Helping your teen grow into a healthy and responsible adult is a rewarding part of being a parent, but it’s not always an easy job. Kids can be brutal to each other. Helping your child cope and manage feelings he or she encounters during the high school years are difficult and fragile tasks, but they are important. Peer-related stress for your teen can result from being the target of vicious gossip, getting teased or bullied, or knowing that his/her friends are involved in dangerous things like drinking, drugs, and/or other risky behaviors. Stress can also result from not “joining the crowd,” and fear of rejection. Most teens will encounter some of these scenarios, so it’s vital to give your child the tools he/she needs to handle the complex peer environment.
Here are some things you can do to help your teen deal with their life:
Emotionally Connect With Your Child
Give your child extra attention and consideration. Keeping the lines of communication open and encouraging discussion is key. Be there to listen and share your own experiences from high school.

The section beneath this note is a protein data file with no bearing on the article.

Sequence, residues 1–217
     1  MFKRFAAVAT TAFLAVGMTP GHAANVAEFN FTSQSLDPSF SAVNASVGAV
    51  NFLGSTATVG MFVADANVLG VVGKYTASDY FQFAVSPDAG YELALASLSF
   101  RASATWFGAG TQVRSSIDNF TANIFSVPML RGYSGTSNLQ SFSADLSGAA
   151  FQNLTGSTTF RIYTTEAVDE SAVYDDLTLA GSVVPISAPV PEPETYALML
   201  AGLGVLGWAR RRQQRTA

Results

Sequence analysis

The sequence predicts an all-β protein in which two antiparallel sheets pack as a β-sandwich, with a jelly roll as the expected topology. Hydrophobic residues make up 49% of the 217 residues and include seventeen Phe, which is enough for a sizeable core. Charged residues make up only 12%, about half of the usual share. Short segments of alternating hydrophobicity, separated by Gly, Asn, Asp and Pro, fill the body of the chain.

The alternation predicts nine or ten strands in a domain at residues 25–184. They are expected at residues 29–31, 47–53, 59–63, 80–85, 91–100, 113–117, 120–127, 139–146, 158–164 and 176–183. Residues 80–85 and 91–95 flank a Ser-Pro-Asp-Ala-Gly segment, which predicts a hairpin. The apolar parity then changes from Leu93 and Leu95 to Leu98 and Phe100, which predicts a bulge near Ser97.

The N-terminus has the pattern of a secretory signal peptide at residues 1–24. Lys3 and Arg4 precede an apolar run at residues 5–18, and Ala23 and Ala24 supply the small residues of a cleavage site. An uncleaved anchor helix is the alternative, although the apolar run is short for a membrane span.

Be Alert to Signs of Stress
These signs may present as anxiety, aggressive behavior, stomachaches/headaches or a desire to stay home from school and other activities.
Consults with Teachers and Staff
If you know your teen is going through a hard time at school or has come into conflict with peers, make sure teachers and other school staff are in the loop.
Feelings don’t need to be “fixed.” Instead, focus on helping your child understand and deal with his/her experiences. If signs of stress don’t seem to be subsiding after a few weeks, consider consulting a mental health professional who has special experience working with youth.
In addition, speak with your teen about not being on the other side of the coin – the person doing the teasing or gossiping. Being popular may be a very important goal for your teen, but gaining popularity should not be at the expense of a peer’s feelings or your child’s personal well-being.